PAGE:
In September 2009, VMware announced it signed an OEM agreement with RTOsoft to integrate RTO Virtual Profiles with VMware View. A couple of months later, VMware announced it acquired certain assets from RTOsoft and Virtual Profiles was 1 of them.
To me, this made sense;
-With server/desktop virtualization, you get rid of the dependency between the physical hardware and Operating System,
-Virtual Profiles allow you to remove the dependency between user settings/data and the OS,
-With ThinApp, you will break the dependency between applications and OS.
This way you break apart each component. Now you will be able to manage them separately. All components are isolated/encapsulated and won’t disrupt each other anymore. Now you will be able to move from a 1. device centric (apps, data, profile and OS are bound to the device) approach to a 2. user centric approach; See below..
According to me, this is the right way. The device isn’t important, the user is! The user needs to be able to access his/her data, profile and apps (persona), no matter where and from which device.
So, what is Virtual Profiles and what are the benefits?
With Virtual Profiles, a user’s profile is stored in a central place, the data center. Yes, the same as with roaming profiles everyone is familiar with. You can even use the same profile path for Virtual Profiles as you are using for your roaming profiles. This makes the implementation of Virtual Profiles very easy.
One of the problems with roaming profiles is that logons and logoffs can take quite some time. This will increase when a profile gets bigger and bigger. This is understandable because with roaming profiles there are 2 triggers; logon and logoff. On those moments either the complete profile gets copied to the (virtual) desktop or completely written back to the central place.
One of the goals RTO had was to speed up logon and logoff times significantly. So what Virtual profiles actually does is tricking Windows. When you logon, Virtual Profiles starts working and lets Windows believe the profile has been loaded, but it hasn’t. Well, that’s not entirely true. Some important parts get copied over but most of the profile won’t. Those parts are just pointers to the central place and will get copied over when you need them. An example is a big .iso file on your desktop. With roaming profile, this .iso file will get copied over when you logon. This can slow down the logon process. With Virtual Profiles you will see the .iso file on your desktop but it actually is in the central place. When you access the .iso file it will get copied over. Through, at that moment you will have to wait for the copy to happen but when you don’t touch it (and when does it happen you access ALL your file inside your profile every day?) it just stays in the data center.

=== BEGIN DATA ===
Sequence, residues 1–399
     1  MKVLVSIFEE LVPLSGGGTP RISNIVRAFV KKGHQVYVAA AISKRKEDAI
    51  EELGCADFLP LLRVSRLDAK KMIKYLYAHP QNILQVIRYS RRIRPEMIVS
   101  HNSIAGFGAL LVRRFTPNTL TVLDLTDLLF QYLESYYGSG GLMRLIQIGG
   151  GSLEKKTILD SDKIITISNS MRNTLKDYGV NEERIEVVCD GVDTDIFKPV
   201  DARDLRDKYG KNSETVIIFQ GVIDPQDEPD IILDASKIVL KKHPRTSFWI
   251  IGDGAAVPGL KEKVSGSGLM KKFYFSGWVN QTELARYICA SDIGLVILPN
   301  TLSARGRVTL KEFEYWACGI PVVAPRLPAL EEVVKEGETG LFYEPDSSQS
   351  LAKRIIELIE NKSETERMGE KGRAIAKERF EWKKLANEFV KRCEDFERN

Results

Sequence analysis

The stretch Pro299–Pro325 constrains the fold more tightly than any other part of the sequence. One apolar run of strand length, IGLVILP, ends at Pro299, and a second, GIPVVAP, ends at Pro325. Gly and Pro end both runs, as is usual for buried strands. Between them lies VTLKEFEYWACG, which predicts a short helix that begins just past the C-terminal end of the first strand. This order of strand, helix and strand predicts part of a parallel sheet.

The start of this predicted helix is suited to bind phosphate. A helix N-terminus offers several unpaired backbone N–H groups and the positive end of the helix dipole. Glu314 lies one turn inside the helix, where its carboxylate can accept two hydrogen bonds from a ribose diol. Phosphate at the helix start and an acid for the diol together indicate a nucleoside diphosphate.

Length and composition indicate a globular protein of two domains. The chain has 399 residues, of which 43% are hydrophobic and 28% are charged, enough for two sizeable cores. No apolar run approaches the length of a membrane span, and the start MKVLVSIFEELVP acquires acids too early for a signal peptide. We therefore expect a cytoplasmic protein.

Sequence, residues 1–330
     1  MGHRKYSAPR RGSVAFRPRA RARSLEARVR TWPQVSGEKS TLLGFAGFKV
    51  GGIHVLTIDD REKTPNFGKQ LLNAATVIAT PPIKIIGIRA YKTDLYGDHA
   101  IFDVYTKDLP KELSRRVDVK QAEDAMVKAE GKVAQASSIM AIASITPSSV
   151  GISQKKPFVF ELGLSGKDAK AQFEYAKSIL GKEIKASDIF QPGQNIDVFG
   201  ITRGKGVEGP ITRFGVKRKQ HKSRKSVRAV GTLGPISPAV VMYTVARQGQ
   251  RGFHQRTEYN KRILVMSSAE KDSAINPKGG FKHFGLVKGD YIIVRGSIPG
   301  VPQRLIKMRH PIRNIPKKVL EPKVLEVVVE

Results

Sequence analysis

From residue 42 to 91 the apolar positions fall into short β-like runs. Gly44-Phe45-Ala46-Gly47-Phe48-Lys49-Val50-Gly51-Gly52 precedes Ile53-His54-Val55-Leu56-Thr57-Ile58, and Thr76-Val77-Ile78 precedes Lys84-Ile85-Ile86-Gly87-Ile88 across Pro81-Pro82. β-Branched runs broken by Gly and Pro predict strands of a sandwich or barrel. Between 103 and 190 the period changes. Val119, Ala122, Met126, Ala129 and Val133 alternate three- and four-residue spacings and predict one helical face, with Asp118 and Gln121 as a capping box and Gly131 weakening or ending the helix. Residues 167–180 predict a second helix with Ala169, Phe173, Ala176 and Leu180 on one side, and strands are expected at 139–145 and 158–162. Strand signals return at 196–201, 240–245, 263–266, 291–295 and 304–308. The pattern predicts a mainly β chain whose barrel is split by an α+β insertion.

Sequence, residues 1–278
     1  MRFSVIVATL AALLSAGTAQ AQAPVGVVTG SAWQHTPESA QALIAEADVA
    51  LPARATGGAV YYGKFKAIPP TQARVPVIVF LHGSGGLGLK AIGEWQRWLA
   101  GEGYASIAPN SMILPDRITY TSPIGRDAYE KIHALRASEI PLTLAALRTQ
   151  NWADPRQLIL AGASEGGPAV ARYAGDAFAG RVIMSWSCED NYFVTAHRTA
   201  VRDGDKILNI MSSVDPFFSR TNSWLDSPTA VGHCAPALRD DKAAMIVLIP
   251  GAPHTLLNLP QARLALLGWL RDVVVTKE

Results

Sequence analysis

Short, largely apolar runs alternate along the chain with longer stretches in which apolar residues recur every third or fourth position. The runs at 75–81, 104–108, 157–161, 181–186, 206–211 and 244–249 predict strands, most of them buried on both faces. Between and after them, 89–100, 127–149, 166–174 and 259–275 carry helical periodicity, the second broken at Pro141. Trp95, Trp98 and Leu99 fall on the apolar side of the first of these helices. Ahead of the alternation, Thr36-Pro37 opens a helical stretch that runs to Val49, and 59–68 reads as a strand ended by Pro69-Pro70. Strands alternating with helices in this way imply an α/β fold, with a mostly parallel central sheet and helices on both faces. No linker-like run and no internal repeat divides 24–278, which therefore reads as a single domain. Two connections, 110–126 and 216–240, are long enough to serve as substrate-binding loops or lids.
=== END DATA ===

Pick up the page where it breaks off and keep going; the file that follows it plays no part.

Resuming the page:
This mechanism works both ways. When you save a file to your desktop, it will get copied to the central place immediately and not during logoff.
So, Virtual Profiles will speed up logon and logoff times. I’m not sure if VMware announced a time frame when to include Virtual Profiles in VMware View, so I can’t say anything about that….yet.
One question I get regarding the take over of RTO/Virtual Profiles is whether customers still would need 3rd party tools like RES/Appsense/Scense. This is an interesting question. Bottom line I would say yes. All 3 have good products which will work on top of Virtual Profiles and gives you even more flexibility on user management. They are complementary. I do think though, that the need for those products will move up to larger customers a little. Meaning; that the need for those products might change from, for example, 50 users customers to 100 users customers because Virtual Profiles and a couple of GPO’s could do everything for those customer who would otherwise have bought the 3rd party tools.
Personally, I’m a big fan of those 3rd party tools. Mainly because they are pretty simple to use, easy management interface and gives me more flexibility when it comes to user management; adding short cuts, changing settings etc on a user based base. Also, you could do a lot with GPO’s but that’s not my kind of tool. In my opinion; the more flexible and dynamic you want to be around user management, on top of Virtual Profiles, the bigger the need for tools from those vendors.